Your digital afterlife or your online presence after death is something people don’t think much about, even less have a plan for it. The concept of digital presence after death has been a discussion popping up more and more with Professional Organizers over the past several years. If someone passes or is incapacitated, life around them still goes on, and things need to happen -whether paying the mortgage and cell phone bill or contacting the insurance company.
Every day, our online presence becomes more a part of how we do business and interact with others. When the person-in-the-know is no longer in control of those accounts, it is not as simple as opening up a drawer in a desk and knowing what comes next.
It’s Not Always That Obvious
Some things are not necessarily obvious when someone passes away:
- What should happen to the various social media accounts? Google has an “inactive account manager,” Facebook has “Legacy Contact,” and Twitter has a policy that family members can utilize. But it would be best if you planned for these. And what about the sites that do not have policies at all?
- Are all their digital photos in a cloud account? Who owns what in terms of those pictures? How can a family member access these after the death of a loved one?
- How about the iTunes library? Amazon Kindle Library? (Did you know you do not own these and cannot transfer them?)
- What happens with email accounts? What should happen to old emails? Who can access the account?
- Can someone even get into the laptop, the computer, the phone?
I am the person in charge of paying the bills at home. So I started cataloging accounts, passwords, and details about payments processes. I created a living document that evolves and needs real-time upkeeping.
My husband and I both have a list called “in the event of my death,” which describes the steps, in sequential order, to handle everything in case one of us dies. For example: “People to personally contact before posting the news on social media” or “How to handle social media accounts,” and “What to post to professional networks.”
This file is protected and backed up, and my husband knows where to find it and how to open it. But there’s more to ensure that the backup executors know about this file and how to access it.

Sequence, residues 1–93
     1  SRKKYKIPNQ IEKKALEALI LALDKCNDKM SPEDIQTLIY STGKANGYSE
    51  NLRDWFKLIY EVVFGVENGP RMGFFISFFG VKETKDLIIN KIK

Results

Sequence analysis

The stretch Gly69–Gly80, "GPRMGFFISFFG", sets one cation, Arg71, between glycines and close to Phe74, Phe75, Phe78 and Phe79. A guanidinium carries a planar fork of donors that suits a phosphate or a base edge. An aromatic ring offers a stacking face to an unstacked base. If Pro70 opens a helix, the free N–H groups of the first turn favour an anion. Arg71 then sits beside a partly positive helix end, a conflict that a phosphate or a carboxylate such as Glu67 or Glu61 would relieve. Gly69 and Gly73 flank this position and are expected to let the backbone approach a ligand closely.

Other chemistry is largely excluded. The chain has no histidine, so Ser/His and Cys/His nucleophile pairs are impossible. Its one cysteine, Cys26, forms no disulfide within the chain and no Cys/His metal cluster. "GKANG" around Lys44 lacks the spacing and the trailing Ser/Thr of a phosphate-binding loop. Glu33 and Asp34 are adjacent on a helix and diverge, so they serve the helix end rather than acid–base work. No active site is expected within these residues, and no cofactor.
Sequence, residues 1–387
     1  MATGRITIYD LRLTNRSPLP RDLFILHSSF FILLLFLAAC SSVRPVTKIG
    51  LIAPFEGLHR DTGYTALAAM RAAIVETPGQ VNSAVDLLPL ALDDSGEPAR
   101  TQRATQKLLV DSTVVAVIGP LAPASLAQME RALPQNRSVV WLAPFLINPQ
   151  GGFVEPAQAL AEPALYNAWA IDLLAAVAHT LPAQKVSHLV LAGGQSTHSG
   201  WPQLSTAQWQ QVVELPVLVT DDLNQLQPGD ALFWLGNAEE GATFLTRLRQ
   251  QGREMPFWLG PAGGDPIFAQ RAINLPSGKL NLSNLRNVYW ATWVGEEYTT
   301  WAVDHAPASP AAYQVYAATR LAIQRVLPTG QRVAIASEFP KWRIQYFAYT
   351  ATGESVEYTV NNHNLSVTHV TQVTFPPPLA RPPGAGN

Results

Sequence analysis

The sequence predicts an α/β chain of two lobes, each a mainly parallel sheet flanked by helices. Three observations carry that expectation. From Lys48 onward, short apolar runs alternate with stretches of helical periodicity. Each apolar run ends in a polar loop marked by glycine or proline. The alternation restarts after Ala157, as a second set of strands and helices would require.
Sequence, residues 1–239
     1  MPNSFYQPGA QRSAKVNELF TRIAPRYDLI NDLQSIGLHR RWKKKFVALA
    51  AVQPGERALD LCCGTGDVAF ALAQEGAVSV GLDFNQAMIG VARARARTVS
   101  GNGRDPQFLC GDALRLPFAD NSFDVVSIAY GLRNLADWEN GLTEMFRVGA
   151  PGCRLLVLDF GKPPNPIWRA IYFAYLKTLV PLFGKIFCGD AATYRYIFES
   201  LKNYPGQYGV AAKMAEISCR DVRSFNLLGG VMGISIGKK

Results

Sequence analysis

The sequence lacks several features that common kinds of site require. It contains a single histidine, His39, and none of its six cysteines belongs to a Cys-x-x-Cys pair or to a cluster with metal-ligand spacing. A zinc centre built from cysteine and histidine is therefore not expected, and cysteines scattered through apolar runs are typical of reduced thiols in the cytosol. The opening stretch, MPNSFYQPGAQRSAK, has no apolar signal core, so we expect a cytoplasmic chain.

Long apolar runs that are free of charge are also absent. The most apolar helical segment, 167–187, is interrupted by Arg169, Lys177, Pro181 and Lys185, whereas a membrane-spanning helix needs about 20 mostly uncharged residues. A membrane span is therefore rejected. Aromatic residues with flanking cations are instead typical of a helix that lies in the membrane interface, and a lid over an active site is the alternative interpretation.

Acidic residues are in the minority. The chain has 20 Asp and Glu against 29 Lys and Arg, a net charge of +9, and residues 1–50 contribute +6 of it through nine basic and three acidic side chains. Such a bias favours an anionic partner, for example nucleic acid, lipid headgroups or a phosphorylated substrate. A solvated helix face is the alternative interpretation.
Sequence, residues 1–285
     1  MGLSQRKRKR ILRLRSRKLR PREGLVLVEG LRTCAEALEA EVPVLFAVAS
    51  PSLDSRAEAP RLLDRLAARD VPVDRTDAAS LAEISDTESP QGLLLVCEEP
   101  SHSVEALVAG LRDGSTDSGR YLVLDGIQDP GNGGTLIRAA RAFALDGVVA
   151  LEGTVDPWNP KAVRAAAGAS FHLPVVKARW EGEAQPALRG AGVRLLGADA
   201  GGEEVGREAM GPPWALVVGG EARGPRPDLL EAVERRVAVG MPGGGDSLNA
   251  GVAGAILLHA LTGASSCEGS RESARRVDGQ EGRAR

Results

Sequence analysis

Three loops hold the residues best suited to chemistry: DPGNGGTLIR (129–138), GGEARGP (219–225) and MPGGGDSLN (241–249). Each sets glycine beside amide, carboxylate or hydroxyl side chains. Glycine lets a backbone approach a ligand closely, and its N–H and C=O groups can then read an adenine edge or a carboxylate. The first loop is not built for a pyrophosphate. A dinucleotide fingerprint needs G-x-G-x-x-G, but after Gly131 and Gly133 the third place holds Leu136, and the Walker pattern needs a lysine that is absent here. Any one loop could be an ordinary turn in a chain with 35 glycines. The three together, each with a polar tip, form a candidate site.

Where To Start?
An excellent place to start gathering a list of items you should be tracking is GYST. GYST or “Get Your S___ Together,” is a great website to help you think about organizing all aspects of planning for death, not just digital details.
Digital Beyond has a robust list of online companies in the market for managing post-death information. Many of these companies can help you store the information that you are gathering. Digital Beyond also maintains a list of states that have enacted laws related to digital estate management. They also offer sample legal language for you to include in your Power of Attorney or Wills to address control issues.
Your Afterlife Plan Needs Maintenance
This process isn’t something you do once and leave aside. It requires essential upkeep:
- Update the passwords if you’ve changed them (This is assuming you’re not using a password management system that records changes automatically)
- Add new accounts as you open them and delete those you close
- Make sure that the people who need to know where this information is, know how to access it
A Conversation That Should Not Wait
The online presence after death isn’t just a topic for addressing with aging parents; this is something that impacts everyone at some point or another. Therefore, it is rather urgent to have plans of this nature if these don’t exist.
Please do not wait until it is too late and do not delay this conversation, as unpleasant as it can be. It is in your best interest (and the interest of yours), to make these plans thoroughly and on time.